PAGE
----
Russian President Vladimir Putin. Photo: Alexei Druzhinin\TASS via Getty Images
Hackers associated with Russian intelligence services are trying to steal information from researchers involved in coronavirus vaccine development, according to a joint advisory by U.K., U.S. and Canadian authorities published Thursday.
The big picture: This isn't the first time a foreign adversary has been accused of attempting to steal COVID-19-related research. U.S. officials in May announced an uptick in Chinese-government affiliated hackers targeting medical research and other facilities in the U.S. for data on a potential cure or effective treatments to combat the virus.
- Additionally, "more than a dozen countries have redeployed military and intelligence hackers to glean whatever they can about other nations' virus responses," reports the New York Times.
- According to a recent FBI bulletin, "nation-state cyber actors are targeting COVID-19-related research as many foreign governments seek to accelerate their own R&D processes and clinical trials."
What's happening: Officials accused a group called APT29 — also known as "the Dukes" or "Cozy Bear" — of targeting organizations involved in vaccine research for cyber attacks. The group "almost certainly operate as part of Russian intelligence services," officials wrote.
How it works: The assessment suggests Russia's primary goal is to steal intellectual property, rather than to disrupt research.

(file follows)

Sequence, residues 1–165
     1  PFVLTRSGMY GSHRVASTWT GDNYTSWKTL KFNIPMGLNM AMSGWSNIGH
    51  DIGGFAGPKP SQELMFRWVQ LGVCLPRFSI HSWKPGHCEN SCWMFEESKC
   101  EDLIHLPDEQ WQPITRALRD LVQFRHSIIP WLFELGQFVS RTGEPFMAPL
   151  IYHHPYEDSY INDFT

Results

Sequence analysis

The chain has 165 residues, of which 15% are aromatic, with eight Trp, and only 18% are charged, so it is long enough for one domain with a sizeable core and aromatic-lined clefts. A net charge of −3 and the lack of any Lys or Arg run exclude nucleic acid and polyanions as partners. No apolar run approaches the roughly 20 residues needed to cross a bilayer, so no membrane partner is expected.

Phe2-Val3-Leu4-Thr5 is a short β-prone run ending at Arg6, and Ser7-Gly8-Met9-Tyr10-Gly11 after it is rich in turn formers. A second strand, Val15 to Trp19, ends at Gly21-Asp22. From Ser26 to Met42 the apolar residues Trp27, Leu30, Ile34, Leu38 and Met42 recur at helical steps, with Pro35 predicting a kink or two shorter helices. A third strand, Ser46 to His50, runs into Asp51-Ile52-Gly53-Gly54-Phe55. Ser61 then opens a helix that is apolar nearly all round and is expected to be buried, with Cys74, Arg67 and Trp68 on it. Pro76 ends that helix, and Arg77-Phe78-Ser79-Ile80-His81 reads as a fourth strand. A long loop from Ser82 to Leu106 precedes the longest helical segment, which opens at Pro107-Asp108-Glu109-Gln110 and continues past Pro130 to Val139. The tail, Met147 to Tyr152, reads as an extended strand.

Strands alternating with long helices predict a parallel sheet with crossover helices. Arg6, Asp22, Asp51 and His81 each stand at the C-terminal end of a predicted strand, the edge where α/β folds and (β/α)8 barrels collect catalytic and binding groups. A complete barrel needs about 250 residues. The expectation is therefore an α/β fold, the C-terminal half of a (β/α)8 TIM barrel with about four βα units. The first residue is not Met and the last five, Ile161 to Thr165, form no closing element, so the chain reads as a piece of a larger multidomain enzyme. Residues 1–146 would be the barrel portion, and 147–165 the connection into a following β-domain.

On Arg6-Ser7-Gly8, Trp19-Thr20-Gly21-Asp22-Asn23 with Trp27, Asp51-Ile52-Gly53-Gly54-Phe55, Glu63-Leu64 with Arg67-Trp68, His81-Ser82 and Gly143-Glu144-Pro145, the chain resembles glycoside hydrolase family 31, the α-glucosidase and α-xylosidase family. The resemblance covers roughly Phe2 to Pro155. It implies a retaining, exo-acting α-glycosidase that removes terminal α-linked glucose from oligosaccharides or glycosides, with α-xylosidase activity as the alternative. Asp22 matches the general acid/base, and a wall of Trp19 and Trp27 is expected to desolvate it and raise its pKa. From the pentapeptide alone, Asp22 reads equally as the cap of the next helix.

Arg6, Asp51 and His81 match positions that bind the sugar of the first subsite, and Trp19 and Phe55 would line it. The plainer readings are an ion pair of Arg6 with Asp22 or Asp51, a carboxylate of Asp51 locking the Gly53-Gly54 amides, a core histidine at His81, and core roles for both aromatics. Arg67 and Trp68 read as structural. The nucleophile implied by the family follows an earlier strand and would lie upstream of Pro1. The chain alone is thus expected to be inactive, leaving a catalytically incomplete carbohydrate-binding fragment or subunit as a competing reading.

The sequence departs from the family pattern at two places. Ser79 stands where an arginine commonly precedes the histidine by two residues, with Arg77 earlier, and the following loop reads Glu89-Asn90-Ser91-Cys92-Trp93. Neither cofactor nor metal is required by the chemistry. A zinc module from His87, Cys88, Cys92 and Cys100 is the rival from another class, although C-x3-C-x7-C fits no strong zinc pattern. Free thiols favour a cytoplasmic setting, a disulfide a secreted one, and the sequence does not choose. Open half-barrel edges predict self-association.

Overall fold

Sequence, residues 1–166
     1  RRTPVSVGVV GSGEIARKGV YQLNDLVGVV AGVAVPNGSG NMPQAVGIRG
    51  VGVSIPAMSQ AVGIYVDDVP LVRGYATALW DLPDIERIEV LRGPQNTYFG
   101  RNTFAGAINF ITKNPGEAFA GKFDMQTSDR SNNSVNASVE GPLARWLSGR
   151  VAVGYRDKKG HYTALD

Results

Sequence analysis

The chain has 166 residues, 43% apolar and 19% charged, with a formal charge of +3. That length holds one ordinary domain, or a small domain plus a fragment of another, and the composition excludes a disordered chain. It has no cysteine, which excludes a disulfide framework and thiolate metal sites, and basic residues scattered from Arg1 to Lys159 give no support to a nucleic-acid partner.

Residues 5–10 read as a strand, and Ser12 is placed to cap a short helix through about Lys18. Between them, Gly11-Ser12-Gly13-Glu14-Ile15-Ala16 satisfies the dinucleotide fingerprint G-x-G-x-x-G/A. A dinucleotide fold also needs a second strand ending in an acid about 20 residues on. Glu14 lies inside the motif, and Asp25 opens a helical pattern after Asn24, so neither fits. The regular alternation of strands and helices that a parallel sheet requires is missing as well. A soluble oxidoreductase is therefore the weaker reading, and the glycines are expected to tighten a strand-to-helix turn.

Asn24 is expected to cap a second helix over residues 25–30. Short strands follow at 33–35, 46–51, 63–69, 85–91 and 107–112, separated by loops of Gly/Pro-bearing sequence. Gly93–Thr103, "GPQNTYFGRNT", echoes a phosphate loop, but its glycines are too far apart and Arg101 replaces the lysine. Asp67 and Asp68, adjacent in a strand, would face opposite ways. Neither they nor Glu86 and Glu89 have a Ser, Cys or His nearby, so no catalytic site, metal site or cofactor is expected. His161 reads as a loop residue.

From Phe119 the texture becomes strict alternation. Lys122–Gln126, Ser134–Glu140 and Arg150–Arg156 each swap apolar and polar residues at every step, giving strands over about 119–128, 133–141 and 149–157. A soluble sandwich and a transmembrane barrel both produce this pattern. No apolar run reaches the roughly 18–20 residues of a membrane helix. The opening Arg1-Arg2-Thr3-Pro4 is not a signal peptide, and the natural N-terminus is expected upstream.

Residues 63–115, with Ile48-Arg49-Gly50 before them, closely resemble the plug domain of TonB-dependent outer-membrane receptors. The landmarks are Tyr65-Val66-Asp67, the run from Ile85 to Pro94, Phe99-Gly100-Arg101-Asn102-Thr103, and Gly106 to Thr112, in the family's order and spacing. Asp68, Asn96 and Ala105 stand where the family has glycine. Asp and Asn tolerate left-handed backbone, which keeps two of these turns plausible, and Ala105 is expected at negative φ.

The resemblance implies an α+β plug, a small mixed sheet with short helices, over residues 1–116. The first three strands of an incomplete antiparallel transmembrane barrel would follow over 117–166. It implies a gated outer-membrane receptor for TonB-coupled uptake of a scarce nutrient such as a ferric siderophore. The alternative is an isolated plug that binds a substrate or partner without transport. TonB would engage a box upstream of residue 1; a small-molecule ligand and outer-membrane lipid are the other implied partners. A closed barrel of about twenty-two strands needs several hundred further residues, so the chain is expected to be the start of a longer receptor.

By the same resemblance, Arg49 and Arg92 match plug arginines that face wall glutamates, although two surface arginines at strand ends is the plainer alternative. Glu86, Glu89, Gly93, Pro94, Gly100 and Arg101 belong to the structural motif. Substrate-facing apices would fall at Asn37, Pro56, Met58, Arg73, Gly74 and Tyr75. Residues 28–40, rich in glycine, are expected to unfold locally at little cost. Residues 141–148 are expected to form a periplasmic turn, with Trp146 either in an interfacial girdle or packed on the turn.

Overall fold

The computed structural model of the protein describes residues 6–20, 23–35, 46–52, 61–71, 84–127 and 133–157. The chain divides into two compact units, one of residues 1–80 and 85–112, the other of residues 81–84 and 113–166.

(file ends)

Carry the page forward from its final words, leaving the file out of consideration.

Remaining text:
- The "campaign of malicious activity" is ongoing and has targeted government and diplomatic agencies, along with think-tanks and healthcare and energy companies.
- The group uses a variety of techniques, including spear-phishing and custom malware known as "WellMess" and "WellMail".
- The assessment, published by the U.K.'s National Cyber Security Center, was supported by the U.S. Department of Homeland, Cybersecurity Infrastructure Security Agency, National Security Agency and Canada's Communication Security Establishment.
What they're saying: "While others pursue their selfish interests with reckless behaviour, the U.K. and its allies are getting on with the hard work of finding a vaccine and protecting global health," U.K. Foreign Minister Dominic Raab said in a news release.
- "The UK will continue to counter those conducting such cyber attacks, and work with our allies to hold perpetrators to account."
Go deeper: Inside hackers' pivot to medical espionage